Yesterday marked the inaugural meeting of the Board of Homes for Londoners – the Mayor of London’s body to oversee housing policy, strategy and delivery. Chaired by Mayor himself, Homes for Londoners is the fulfilment of one of Sadiq Khan’s key election campaign pledges.
At this stage, however, it is not clear whether it will be any different at all from Boris Johnson’s original Homes for London Board that performed the same role in his second term. Indeed, while there are obviously new faces, the Board’s structure remains the same with appointees from London Councils, the property sector and big housing associations. At this stage, neither social tenants nor the Capital’s homeless households are directly represented. The Mayor should co-opt both a tenants’ rep and someone from a homelessness charity onto the Board before it meets next. Continue reading
Last week’s official homelessness statistics revealed that the number of homeless families illegally placed in Bed and Breakfast accommodation beyond the six week legal limit has risen to 1,140. This is the first time in a decade the number has been this high. Astonishingly, three London boroughs are alone responsible for around one-third of those breaches of the law. At the end of June, Croydon had 168 families in B&B longer than six weeks, Harrow had 120, and Redbridge had 132.
Unheralded research Shelter published last year reminds us why prolonged stays in B&B have been outlawed for families with children. This is no place for a child recounts the experiences of twenty homeless families placed into emergency accommodation by their local authority. In it, the parents describe the impact of the lack of space on their children, and the particular difficulties caused by having to use shared facilities at mealtimes and bedtime. Many of those interviewed were clearly also worried about the safety of their children. Continue reading
Last week, Z2K and CPAG held a briefing for MPs and Peers to set out the findings in our new report, Still Too Poor To Pay, which details impact of the abolition of Council Tax Benefit over the past three years. The revelation that hundreds of thousands of London’s poorest households have been summonsed to court after falling into arrears with their new Council Tax bills and that nearly 50,000 households have now had bailiffs instructed against them to recover these debts is a terrible indictment of the policy and its architects. And so we were delighted several MPs and Peers agreed to raise these issues in Parliament. Continue reading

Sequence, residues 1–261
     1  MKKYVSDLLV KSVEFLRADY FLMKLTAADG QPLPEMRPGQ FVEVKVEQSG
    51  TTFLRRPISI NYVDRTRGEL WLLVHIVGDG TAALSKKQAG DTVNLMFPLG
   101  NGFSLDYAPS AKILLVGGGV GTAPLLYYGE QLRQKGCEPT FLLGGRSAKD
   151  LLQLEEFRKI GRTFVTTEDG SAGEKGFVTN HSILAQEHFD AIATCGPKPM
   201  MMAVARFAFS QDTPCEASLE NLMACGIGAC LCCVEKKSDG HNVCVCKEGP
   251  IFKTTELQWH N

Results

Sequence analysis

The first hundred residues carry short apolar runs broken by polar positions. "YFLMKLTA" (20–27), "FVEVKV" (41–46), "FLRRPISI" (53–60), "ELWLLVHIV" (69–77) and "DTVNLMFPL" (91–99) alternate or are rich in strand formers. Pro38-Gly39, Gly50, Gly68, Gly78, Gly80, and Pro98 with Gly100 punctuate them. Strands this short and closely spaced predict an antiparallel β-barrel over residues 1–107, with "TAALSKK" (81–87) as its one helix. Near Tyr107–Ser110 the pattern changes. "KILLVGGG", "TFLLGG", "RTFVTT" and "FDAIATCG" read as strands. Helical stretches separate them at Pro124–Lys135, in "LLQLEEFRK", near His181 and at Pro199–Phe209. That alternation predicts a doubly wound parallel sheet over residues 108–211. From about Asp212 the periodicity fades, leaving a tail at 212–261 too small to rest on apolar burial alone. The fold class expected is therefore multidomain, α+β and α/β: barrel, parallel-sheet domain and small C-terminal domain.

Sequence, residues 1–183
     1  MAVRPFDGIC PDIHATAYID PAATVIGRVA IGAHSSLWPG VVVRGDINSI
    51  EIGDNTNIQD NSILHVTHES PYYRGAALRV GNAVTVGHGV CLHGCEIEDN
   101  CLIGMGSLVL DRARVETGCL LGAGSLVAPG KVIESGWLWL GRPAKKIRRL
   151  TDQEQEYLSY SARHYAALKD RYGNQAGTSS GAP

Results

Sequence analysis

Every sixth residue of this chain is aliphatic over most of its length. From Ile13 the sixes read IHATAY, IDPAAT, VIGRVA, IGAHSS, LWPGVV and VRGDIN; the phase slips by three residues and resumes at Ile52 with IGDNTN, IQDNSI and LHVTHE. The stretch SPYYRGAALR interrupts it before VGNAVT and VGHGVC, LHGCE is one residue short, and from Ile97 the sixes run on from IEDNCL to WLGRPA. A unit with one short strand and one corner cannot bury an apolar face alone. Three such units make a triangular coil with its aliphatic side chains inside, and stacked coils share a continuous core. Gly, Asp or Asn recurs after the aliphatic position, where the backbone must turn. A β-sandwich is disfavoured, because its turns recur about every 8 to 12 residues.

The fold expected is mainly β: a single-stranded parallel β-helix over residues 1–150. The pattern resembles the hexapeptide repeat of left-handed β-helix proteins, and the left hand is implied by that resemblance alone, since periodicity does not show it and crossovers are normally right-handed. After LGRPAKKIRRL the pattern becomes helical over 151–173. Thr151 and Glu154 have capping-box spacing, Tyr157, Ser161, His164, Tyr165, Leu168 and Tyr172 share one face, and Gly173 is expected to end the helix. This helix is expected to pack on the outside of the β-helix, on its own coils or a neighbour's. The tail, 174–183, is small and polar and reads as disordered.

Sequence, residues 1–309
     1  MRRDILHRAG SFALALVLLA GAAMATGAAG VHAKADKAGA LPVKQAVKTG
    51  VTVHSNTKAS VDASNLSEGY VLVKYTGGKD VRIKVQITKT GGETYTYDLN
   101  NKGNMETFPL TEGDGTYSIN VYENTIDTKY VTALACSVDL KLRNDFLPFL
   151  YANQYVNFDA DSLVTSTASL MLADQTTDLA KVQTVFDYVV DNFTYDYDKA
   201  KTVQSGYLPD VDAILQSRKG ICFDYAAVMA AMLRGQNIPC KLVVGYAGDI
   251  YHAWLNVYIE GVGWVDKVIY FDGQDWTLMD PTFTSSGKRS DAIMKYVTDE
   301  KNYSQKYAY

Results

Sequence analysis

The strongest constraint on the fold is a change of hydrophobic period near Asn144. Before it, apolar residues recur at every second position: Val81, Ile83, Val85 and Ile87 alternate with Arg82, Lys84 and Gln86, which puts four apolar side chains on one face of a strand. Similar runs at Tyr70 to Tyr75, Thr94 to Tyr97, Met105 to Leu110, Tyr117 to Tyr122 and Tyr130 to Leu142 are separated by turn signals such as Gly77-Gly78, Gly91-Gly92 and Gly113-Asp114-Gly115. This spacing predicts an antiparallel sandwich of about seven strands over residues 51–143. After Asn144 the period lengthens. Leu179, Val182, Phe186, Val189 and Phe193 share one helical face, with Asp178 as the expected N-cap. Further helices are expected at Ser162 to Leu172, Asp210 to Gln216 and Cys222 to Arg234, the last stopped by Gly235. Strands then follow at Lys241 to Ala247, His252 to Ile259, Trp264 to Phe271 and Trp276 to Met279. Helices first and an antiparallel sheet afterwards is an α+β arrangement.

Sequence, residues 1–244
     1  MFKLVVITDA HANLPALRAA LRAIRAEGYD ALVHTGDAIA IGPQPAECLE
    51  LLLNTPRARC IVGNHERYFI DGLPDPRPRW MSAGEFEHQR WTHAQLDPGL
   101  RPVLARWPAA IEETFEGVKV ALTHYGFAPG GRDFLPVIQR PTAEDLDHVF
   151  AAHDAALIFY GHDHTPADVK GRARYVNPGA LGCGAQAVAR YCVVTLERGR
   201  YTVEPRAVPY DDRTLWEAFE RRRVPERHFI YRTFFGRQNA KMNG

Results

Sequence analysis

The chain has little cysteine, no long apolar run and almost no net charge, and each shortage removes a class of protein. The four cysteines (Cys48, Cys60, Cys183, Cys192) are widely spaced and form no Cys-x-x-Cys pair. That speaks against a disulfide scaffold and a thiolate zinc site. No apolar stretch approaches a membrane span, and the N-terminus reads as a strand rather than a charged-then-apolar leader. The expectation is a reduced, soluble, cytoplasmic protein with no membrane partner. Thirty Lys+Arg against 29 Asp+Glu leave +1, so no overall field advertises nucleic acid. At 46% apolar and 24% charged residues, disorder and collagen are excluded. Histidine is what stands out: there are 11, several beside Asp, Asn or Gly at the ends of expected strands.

DWP’s quarterly statistics last week showing that 20,000 households are still impacted by the government’s Benefit Cap is grim reading for anyone but the architects of this pernicious policy.
Numerous of these statistics should give cause for concern: 94 per cent of claimants hit by the cap are families with children; two-thirds of those hit are single-parent families and 78 per cent of those have a child under five years-old (17 per cent have a child under 12 months). But the figure that best reveals the distance between the government’s claims and the reality of the cap is that just 15 per cent of those hit by it are in receipt of Job Seekers Allowance i.e. required to be looking for work. The rest are in receipt of Employment Support Allowance, Income Support, Carer’s Allowance or another benefit. Continue reading
Yet again the latest official statistics illustrate that homelessness is getting worse – particularly in London. In 2015/16, the total number of households accepted as homeless and in priority need rose by 6 per cent to 57,750. However, in London, acceptances were up by 9 per cent to 19,180.
This trend in the number of acceptances seems to be being driven by significant increases in outer-London boroughs. For example, in the last quarter alone, Barking & Dagenham accepted a duty to 227 households, Croydon 369, Ealing 187, Enfield 261, Hounslow 204, Lewisham 268 and Newham 465. Interestingly, the number of households Newham accepted a full homeless duty to in the second half of 2015/16 was around twice the number it accepted in the first half, making a total of 1,345 during the 12 months. Newham has been heavily criticised for its approach to homeless families, especially by the Focus E15 campaign . The increased number of acceptances could be a sign Newham’s practices are changing in the face of that criticism. Continue reading